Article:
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tti.v#44.o . 4ittts . .
BT WILLIAM CULLII2III9IItANT.
The talri . th of Spring-time at this twilight boar
Comes thrungh the gathering glooms.
And bears the stolen sweets of many a flower
Into my silt n; rhom.
Where bast thou Wandered, gentle gale,, to dud
The perfumes thou dost bring?
thooks coat Lrough the wakening meadows
Or °rink of rut y spring?
I:tr woodislde, we re, In little companies,
The early arLowers
.40r sheltered Is a , where 'mid encircling trees.
May's wartne nshinelles?
Now sleeps the hummingbird, that, la the sun,
Wandered from boom tub oum ;
_Vine. too, the weary bee. his day's work done,
Rests In his waxen room.
Now every hoverkg Infect to his place
Beueath the lraves bath flown.
And, through the long nista hours, thb flowery
Are lett to thee alone
O'er the pale blossoms of the sassafras
And o'er the splce•nush amity,
Among the opening bud., thy brt athings pass
And come embalmed away.
Yet there Is sadness In thy roft caress,
Wind in the blooming year:
The gentle presenoe, them was wont to bites
Thy coming, is noinere.
On. then; and yell bid thee not repair.
Thy gathered sweets
Where pine and willow. In the evening
blab o'er the b4rted dead.
Refresh th • languid student pausing o'er
The-learned page apart.
And be shall turn to eon Las task once more
With an encouraged heart.
Ilear thou a promise. from the fragrant award,
To him VI ho this the mud.
Of springing ha•eest3 that shall yet reward
The labors or his hand.
Tau on to homes where cheerful voices sound,
.6 nu eneenul looks are east,
And where thou wakest, in thine alri round,
No sorrow of the pan.
And whisper. everywhere, that Earth ri news,
Her tr autital array,
&mld the da,knes and the gathering dews,
/or toe return of day,
From the San Francisco Overland Monthly
BURIED ALIVE IN TILE SEA.
In the year 1840, I was serving as a
midshipman on board the United States
frigate St. Lawrence, then cruising in the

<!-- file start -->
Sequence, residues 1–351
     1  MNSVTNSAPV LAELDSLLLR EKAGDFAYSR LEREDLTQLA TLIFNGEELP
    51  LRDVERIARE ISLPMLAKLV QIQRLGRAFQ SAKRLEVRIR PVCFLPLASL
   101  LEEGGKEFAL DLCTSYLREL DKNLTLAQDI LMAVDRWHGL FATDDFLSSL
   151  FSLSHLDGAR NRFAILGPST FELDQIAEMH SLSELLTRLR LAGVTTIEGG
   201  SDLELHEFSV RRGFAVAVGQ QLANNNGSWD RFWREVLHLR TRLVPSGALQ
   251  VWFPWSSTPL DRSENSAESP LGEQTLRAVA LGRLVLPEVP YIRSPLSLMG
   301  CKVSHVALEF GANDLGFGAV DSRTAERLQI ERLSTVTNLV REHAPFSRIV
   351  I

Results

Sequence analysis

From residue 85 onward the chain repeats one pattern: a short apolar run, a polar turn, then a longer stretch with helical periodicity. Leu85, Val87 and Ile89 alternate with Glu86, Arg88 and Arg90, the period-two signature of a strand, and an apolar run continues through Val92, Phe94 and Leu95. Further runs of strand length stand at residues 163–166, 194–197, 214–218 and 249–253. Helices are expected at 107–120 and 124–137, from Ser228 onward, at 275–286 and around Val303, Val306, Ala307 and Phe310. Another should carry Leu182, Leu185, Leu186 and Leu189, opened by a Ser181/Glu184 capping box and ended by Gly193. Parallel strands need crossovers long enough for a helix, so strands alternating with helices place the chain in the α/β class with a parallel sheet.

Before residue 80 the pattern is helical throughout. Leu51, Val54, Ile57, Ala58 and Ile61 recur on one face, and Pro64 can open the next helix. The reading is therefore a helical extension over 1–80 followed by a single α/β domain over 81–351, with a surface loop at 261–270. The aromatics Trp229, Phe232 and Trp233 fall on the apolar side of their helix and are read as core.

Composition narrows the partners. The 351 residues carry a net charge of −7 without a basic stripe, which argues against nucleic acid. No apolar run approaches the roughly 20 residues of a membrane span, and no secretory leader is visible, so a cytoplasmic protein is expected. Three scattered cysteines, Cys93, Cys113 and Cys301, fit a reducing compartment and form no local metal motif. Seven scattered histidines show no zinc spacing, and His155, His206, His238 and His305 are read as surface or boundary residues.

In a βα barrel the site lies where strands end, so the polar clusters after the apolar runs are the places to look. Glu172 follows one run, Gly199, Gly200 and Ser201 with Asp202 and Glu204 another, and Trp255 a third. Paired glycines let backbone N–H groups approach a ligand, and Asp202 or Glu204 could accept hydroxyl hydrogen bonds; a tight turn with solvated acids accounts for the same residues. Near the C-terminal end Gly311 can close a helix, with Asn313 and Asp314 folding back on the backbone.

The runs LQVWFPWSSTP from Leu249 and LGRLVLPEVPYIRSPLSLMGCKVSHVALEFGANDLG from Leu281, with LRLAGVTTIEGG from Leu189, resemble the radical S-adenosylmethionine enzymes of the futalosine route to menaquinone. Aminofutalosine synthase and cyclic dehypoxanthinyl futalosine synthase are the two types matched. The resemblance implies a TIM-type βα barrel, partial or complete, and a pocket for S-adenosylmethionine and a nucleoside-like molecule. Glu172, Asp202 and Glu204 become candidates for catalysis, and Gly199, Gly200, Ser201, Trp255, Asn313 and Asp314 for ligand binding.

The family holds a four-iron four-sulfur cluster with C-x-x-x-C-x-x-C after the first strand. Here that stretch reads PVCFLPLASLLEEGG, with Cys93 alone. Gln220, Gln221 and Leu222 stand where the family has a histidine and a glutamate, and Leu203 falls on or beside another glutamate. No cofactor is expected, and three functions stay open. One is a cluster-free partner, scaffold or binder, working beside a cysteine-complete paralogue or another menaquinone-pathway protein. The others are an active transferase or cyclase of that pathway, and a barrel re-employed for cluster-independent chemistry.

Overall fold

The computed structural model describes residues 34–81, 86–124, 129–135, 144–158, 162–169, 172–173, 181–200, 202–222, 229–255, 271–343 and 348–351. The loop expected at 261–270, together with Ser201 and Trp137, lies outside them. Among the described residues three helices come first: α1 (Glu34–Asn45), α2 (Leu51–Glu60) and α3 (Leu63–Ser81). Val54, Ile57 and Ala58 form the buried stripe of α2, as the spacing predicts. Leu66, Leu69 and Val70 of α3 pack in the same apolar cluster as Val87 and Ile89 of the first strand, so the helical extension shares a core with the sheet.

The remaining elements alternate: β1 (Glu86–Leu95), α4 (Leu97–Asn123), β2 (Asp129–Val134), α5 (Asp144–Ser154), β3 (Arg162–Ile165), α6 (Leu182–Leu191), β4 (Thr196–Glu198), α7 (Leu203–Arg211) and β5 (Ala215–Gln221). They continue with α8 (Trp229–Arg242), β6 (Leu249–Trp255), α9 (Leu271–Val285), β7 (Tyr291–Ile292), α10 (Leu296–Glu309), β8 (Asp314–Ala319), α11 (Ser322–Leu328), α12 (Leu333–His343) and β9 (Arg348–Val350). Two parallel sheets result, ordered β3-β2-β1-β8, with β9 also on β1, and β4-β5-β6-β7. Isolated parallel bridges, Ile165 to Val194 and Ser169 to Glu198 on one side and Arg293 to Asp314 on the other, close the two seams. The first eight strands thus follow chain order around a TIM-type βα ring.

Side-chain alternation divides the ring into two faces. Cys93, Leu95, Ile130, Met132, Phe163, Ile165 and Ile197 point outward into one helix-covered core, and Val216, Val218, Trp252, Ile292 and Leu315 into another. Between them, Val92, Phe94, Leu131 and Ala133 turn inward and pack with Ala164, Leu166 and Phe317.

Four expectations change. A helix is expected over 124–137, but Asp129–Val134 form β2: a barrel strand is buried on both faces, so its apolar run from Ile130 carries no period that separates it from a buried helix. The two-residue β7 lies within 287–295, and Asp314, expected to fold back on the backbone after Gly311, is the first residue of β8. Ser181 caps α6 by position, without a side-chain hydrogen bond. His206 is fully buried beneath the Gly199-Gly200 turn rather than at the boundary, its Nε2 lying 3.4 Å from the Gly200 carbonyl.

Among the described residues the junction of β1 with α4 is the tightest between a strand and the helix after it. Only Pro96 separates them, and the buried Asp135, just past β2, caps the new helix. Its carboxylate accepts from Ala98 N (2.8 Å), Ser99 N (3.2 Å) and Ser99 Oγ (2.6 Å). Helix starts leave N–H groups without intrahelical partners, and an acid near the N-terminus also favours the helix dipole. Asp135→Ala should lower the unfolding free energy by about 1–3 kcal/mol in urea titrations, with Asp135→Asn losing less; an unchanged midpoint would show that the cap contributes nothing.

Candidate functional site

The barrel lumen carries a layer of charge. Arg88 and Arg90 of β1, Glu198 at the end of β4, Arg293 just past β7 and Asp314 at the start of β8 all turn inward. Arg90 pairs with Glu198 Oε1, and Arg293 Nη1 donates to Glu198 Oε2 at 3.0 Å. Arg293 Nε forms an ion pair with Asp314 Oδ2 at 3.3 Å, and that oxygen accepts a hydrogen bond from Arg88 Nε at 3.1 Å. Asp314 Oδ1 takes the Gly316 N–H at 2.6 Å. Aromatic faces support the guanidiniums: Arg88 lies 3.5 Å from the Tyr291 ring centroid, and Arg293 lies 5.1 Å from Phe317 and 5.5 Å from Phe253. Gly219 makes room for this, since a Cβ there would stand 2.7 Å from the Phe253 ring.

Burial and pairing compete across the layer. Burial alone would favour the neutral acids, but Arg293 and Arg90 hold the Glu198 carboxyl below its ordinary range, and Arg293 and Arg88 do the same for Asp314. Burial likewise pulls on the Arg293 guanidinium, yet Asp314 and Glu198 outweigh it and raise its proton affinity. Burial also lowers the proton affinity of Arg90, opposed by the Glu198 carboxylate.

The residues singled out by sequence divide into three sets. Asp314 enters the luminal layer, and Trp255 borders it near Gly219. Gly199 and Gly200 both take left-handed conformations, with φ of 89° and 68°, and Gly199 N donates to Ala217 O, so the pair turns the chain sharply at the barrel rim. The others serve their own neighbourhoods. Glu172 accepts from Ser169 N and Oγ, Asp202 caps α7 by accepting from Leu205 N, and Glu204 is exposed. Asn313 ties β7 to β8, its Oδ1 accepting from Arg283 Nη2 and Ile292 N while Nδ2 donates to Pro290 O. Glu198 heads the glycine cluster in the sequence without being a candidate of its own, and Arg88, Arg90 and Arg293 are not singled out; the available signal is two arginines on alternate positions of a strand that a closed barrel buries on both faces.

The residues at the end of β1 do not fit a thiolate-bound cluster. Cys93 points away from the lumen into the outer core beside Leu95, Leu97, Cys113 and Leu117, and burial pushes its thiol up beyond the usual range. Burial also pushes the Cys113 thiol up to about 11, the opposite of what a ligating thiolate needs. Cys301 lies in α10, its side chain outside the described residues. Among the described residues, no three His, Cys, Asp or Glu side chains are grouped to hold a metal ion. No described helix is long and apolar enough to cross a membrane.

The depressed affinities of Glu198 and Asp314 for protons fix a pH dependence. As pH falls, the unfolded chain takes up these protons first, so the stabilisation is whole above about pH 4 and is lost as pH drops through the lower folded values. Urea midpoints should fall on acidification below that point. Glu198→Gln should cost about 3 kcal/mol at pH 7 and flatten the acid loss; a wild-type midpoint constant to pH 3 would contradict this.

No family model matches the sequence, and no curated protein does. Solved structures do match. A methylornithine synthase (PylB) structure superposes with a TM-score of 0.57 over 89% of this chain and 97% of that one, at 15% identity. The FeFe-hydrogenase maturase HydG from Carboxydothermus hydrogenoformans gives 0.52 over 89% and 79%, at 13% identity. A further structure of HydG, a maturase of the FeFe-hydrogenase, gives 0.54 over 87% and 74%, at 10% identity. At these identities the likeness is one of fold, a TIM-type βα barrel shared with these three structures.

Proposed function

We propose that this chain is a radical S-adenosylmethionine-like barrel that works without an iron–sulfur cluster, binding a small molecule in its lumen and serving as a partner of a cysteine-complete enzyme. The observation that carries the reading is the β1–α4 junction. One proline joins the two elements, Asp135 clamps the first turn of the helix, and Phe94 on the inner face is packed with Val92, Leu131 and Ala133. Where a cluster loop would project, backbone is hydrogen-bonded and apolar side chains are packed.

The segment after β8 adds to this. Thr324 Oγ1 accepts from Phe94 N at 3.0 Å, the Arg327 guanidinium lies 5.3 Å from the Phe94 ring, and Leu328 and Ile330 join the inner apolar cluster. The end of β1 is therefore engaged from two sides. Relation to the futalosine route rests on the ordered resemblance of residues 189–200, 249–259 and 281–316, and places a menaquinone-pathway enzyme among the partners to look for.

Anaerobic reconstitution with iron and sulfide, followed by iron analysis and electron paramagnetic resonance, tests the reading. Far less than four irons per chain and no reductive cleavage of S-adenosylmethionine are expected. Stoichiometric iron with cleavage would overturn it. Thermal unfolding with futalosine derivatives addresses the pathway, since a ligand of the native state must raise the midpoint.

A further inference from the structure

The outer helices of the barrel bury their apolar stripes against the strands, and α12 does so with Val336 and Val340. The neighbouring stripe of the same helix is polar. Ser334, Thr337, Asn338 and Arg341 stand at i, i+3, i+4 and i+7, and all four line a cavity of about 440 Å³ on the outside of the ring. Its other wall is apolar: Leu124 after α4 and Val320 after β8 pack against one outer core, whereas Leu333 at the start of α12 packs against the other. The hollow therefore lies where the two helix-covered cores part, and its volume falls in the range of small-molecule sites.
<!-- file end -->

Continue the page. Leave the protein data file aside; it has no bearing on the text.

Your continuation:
Pacific. The St. Lawrence carried a
crew of six hundred men—Americans,
Irishmen, and men belonging to every
nationality under the sun. The majority
of Metaled passed the best days of their
lives in the service, and were imbued with
all the superstitions so common to their
calling, thirty years ago. It was often
my fortune to hear wierd yarns of the
sea told by men who believed every word
of them, to comrades who scarcely dared
to move while they listened. Some of
the older sailors could, in dark, stormy
nights, make the hair of a whole watch,
including their own, stand on end—with
/her tales of seas that gave up their dead,
and of the ships that were haunted. On
one of these occasions Larry Mcßlather,
Captain of the forecastle, spoke as follows.
'Wheal sailed on the Sabine, she was
haunted, an' this is the way it happened.
Ye see, it was a dark, stormy night just
like this, an' the men were sentout to furl
the flying jib. The captain of the fore
castle was stowin' the head of the sail,
and all of a sudden he said to the man
• next to him: 'lt blows hard, Jack;'
*a' then cut his throat an' fell overboard
an' was.lost. Ever after that, of a dark,
• stormy night, when the men went out to
furl the flying jib they would see a man
sittin' on the end of the boom, an' he would
say: 'lt blowahard Jack;' an' cut his throat
an' fall overboard."
Just as Larry finished, a -voice which
seemed to proceed out of the air overhead,
remarked: "It blows hard Jack." In an
instant those who were not frightened too
much to move were on their feet, and
holding on the rigging to keep their
tottering legs from letting them down.
, "Did ye hear that, Harry Blower?"
asked Mcßlather, as soon as he had re
covered himself enough to speak."
• "Yes, I heerd it," replied Harry; "and
like all yer other bloody ghosts, it wasn't
a ghost. but a parrot that said it."
"Man the flying-jib downliaul, clear
away the halliards—haul down! Lay
out, and furl the fiying-jibl" These or
ders were issued by the officer of the
dick; but there was hesitation displayed
by all whose duty It was to obey them.
In the meantime Mcßlather turned to
Blower and laid: "Now,
Harry, I be
lieve in ghosts—you don't. I hasn't the
pluck to lead the men out on the flying
jibboom; I would he sure to see a man
on the end of it. You have the pluck,
'an' you wouldn't see a man; therefore,
Harry, will yez do me the favor to lead
the men out?"
Harry Blower replied: "Larry, you're
an idiot, a fool, and an ass. And ghost
or no ghost. I don't lay out on the flying
"Cornet Lay oW, there, you lubbers,
and furl the tlyini, jib. What are you
about?",canie fromthe quarterdeck in a
1 voice thatsmackeof a cat-o'-nine-tails